Bookmarks Issue: 

America in the Middle East, 1776 to the Present

A-Power, Faith, and FantasyFor most Americans, the Middle East has always been—and, Michael B. Oren suggests, will always remain—shrouded in mystery. Oren takes a close look at the great contradictions of America’s historical involvement in the Middle East and argues that only the players have changed over time. Different themes emerge: America’s pursuit of diplomatic, military, and economic interests; American Protestant missionaries’ desire to return Palestine to the Jews; America’s attempt to transform the region into a liberal democracy; and the negative stereotypes of the region perpetuated by literature. Many fascinating characters weigh in: Ambassador Lew Wallace, Herman Melville, Mark Twain, General William Tecumseh Sherman, Theodore Roosevelt, Ulysses S. Grant, and James Baker, among others. Keeping one eye on the past, Power, Faith, and Fantasy provides a timely historical perspective on change, motivation, and the centuries-old issues that persist to this day between America and the Middle East.
Norton. 778 pages. $35. ISBN: 0393058260

St. Louis Post-Dispatch 4 of 5 Stars
"Even at more than 700 pages, the book leaves a reader wanting more. And because the detailed text reads so fluidly, all of that information is palatable, and much of it is downright gripping." Steve Weinberg

Wall Street Journal 4 of 5 Stars
"Michael Oren offers a sweeping chronicle of America’s Middle Eastern policies and perceptions, arguing that the lands of the Ottoman Empire—before its dissolution and after—have long loomed large to Washington and to the wider American populace, helping to define America’s sense of itself and its role in the world. … Mr. Oren’s skillful narrative shows that America’s bond with Israel is as intrinsic, as axiomatic, as its bond with England." Martin Peretz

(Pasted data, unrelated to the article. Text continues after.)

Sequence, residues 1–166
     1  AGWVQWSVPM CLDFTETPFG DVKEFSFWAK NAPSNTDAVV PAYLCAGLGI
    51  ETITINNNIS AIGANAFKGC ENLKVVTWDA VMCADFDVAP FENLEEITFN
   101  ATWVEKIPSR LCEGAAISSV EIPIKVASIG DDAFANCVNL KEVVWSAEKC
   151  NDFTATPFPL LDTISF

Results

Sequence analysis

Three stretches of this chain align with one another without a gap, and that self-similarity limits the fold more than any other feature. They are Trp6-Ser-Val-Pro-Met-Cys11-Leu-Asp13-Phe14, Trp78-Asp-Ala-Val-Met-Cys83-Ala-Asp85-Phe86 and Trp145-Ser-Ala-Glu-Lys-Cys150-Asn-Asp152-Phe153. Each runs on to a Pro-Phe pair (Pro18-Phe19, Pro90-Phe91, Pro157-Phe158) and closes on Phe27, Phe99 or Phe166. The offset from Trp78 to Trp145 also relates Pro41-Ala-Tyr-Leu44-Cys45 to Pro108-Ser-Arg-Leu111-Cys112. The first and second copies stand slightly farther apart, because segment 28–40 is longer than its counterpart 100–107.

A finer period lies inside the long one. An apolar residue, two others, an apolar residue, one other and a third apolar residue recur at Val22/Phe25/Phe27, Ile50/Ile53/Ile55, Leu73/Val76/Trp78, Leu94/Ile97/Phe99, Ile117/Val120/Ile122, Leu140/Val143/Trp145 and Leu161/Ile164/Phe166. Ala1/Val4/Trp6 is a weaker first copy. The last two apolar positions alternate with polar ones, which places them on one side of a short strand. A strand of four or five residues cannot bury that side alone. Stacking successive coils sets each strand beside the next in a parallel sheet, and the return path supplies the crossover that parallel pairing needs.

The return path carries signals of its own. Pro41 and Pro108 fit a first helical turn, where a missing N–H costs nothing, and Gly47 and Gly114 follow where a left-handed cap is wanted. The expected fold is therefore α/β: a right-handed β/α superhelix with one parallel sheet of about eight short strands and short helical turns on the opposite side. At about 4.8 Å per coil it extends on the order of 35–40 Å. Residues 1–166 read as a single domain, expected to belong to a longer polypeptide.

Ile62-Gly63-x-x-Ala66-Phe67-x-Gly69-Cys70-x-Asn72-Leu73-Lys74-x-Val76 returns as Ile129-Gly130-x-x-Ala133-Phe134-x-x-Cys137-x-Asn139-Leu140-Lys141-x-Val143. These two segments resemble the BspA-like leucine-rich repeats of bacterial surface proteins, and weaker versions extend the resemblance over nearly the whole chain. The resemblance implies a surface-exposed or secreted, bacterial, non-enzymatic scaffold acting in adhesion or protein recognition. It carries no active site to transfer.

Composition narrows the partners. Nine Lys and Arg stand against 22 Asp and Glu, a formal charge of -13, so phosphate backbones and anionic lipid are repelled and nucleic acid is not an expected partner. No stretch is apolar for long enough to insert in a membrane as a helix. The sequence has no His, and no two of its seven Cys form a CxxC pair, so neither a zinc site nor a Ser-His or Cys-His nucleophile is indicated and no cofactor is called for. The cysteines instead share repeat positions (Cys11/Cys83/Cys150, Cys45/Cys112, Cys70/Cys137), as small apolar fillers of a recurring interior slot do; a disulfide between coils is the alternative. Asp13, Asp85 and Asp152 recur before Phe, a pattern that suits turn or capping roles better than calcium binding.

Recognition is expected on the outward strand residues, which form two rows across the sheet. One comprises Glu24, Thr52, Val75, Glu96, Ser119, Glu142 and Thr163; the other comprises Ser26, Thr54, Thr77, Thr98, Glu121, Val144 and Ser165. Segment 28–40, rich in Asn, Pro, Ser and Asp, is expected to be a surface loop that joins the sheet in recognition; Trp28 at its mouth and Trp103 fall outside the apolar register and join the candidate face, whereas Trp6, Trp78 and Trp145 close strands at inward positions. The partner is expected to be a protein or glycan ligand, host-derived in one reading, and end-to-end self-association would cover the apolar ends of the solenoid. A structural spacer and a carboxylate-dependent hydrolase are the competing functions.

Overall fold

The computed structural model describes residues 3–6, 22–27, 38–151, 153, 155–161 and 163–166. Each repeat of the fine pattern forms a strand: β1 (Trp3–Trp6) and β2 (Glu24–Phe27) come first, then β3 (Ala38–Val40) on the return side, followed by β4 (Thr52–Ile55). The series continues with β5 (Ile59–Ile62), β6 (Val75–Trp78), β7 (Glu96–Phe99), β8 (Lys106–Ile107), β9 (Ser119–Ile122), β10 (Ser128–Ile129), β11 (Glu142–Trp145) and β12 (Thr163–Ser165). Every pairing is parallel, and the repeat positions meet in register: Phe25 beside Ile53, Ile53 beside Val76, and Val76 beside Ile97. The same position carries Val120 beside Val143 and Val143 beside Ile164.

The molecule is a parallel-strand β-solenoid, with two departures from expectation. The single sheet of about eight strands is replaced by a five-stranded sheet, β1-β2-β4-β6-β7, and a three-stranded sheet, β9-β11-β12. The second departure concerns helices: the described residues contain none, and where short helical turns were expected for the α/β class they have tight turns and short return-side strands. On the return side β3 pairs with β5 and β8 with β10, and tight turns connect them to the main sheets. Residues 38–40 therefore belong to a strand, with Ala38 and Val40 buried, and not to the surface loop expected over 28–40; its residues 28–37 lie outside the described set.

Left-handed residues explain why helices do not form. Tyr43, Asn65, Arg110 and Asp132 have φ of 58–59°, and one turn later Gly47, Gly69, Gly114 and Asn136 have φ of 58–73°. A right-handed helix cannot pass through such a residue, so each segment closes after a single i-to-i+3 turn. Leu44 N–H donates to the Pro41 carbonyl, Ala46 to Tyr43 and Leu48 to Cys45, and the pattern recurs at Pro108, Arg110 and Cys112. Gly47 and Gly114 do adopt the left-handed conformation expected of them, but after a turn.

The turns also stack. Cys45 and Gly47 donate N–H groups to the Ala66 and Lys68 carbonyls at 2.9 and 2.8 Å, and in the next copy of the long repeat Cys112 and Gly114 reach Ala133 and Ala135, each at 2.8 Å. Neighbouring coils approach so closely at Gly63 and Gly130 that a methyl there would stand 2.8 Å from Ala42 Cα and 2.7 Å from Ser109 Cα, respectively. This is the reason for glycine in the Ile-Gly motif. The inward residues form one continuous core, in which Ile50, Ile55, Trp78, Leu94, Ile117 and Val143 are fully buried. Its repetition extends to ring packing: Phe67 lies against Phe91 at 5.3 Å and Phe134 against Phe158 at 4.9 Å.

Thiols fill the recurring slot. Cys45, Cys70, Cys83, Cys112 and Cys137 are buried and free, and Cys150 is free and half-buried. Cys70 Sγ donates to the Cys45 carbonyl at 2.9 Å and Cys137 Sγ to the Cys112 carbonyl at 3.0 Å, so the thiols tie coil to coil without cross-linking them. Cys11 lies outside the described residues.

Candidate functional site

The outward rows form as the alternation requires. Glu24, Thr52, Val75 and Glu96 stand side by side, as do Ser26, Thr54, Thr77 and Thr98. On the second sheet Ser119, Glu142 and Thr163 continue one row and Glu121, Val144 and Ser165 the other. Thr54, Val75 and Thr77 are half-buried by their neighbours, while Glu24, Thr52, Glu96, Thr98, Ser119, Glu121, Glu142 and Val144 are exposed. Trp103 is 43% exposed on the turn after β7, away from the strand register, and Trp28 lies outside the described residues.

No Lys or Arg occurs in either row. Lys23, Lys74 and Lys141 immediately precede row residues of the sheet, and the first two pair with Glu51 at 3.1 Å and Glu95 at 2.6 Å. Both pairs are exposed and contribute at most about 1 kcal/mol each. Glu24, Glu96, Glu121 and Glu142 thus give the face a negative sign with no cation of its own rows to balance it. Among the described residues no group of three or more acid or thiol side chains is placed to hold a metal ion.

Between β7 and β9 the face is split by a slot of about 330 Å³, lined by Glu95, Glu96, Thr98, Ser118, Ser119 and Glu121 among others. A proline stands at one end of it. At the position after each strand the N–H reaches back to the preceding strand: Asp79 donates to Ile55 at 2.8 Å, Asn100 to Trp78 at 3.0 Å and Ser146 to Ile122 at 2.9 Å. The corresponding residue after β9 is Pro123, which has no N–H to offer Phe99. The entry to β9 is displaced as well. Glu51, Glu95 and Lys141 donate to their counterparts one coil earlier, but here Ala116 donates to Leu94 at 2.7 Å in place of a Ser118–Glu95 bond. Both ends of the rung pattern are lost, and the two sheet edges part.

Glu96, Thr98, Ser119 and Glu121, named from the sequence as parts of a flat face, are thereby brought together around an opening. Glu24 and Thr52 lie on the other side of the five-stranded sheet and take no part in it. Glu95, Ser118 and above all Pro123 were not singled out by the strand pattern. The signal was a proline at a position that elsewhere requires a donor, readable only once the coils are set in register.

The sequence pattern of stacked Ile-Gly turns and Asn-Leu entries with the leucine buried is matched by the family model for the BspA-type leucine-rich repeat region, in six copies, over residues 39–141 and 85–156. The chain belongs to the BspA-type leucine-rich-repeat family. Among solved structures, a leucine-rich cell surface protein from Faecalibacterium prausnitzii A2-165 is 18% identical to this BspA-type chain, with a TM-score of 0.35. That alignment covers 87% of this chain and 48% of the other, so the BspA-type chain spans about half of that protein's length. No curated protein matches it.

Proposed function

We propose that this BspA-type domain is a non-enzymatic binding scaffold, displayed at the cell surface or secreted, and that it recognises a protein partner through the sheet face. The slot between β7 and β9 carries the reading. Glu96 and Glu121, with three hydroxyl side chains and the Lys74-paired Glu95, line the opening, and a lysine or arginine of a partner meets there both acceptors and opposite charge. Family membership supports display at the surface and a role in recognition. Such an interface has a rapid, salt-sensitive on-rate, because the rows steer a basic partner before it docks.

Washington Post 4 of 5 Stars
"A series of fascinating and beautifully written stories about individual Americans over the past four centuries and their contact with Middle Eastern cultures. … Many today may want to disagree [with the author], but they will have to wrestle first with the long history of American behavior that Oren has so luminously portrayed." Robert Kagan

Boston Globe 3.5 of 5 Stars
"[Oren] illuminates [his analysis] with a parade of colorful characters: commanders and explorers, missionaries and settlers, creators and consumers of fantasy, from the tales of A Thousand and One Arabian Nights to the musical Kismet." Michael Kenney

Baltimore Sun 2 of 5 Stars
"Power, Faith and Fantasy is virtually silent about American cultural imperialism, economic exploitation, arms trafficking and assistance to reactionary regimes. … Even more problematic is Oren’s addiction to facile historical analogies." Glenn C. Altschuler

Critical Summary

Michael B. Oren, recently a visiting professor at Harvard and Yale and currently a senior fellow in the Shalem Center in Jerusalem, wrote Six Days of War: June 1967 and the Making of the Modern Middle East ( 4 of 5 Stars Nov/Dec 2002) to critical acclaim. Oren, who emigrated to Israel in 1979 and later became a paratrooper in the Israel Defense Forces, draws on his experience to present a valuable, fascinating overview of American involvement in the region and to bring to life the many historical characters profiled here. Although a few reviewers commented that Oren’s strength lies in storytelling rather than grand theory, the author manages to avoid simplifying complex historical and political issues. In the end, he suggests: "By responsibly wielding its strength and consistently upholding its principles, the United States might yet transform its vision of peaceful, fruitful relation with the Middle East from fantasy into reality." While many hope that Oren’s prediction may come true, the book shows less of his predictive powers than his ability to cogently summarize the past.